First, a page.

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Comment 3 of 153, added on September 6th, 2004 at 8:49 PM.
The first line, which is the title, places us in an subway. Here we use
the senses of our imagination to place us there. Is the air heavy and
damp? Is the subway dark and smell of sweat and mildew? Before we even
read the second line we have become emotionally involved witht he people in
The second line I see individual faces with the anticipation or experience
of the day displayed upon their faces. I see the beauty of what each
individual contributes to our daily lives and how we as a society rely on
one another, even if we are just "faces in the crowd."
The third line I saw the faces of Petals of a flower bringing beauty to an
otherwise dismal, wet and dark existence. Each petal being unique in it's
own way giving meaning and purpose to what would be a dark, depressing
Comment 2 of 153, added on August 27th, 2004 at 5:53 PM.
Este poema de Ezra Pound é o corolário de todas as teses sobre a
estética na poesia que Pound escreveu. É a perfeita imagem do imagismo,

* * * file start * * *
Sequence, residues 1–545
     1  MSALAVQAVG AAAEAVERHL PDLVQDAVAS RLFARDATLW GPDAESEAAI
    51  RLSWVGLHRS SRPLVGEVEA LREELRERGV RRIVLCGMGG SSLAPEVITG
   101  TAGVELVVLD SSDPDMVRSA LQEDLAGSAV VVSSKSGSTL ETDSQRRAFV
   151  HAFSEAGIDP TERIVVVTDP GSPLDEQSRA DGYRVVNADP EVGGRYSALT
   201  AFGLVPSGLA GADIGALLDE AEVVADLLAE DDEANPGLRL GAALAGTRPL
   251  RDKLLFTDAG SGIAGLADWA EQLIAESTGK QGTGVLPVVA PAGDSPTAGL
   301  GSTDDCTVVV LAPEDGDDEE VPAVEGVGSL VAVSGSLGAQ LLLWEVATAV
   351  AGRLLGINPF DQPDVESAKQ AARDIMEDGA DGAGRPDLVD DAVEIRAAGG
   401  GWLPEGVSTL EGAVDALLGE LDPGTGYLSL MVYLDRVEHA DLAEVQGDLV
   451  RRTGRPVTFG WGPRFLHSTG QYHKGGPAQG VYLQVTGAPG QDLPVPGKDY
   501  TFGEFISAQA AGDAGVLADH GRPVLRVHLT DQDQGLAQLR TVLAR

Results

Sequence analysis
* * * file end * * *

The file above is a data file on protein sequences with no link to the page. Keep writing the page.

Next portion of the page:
é a perfeitíssima sintese da metonímia colocado em prática. Jamais na
poesia anglo-saxónica moderna houve um poeta que, com duas estrofes apenas
tenha criado tanto ( William Carlos Williams fez o mesmo mas com mais
estrofes no poema The Locust Tree.. ), e o que Pound criou foi a perfeita
exaltação da solitude dos rostos, de todos os rostos, na multidão,
metaforizando-os como um ramo húmido de flores tristes.
Comment 1 of 153, added on August 25th, 2004 at 6:41 PM.
Can't understand it? Read Yeats' 'The Two Trees'. He wrote this in a time
when imagism was emerging in place of symbolism. He uses Yeats' words and
molds them to his liking and changes the meaning of everything. The black
bough could represent death, while the petals could represent what was left
of a life or someone's life he once knew, hence the apparition in the
crowd. He could be reflecting on a memory.
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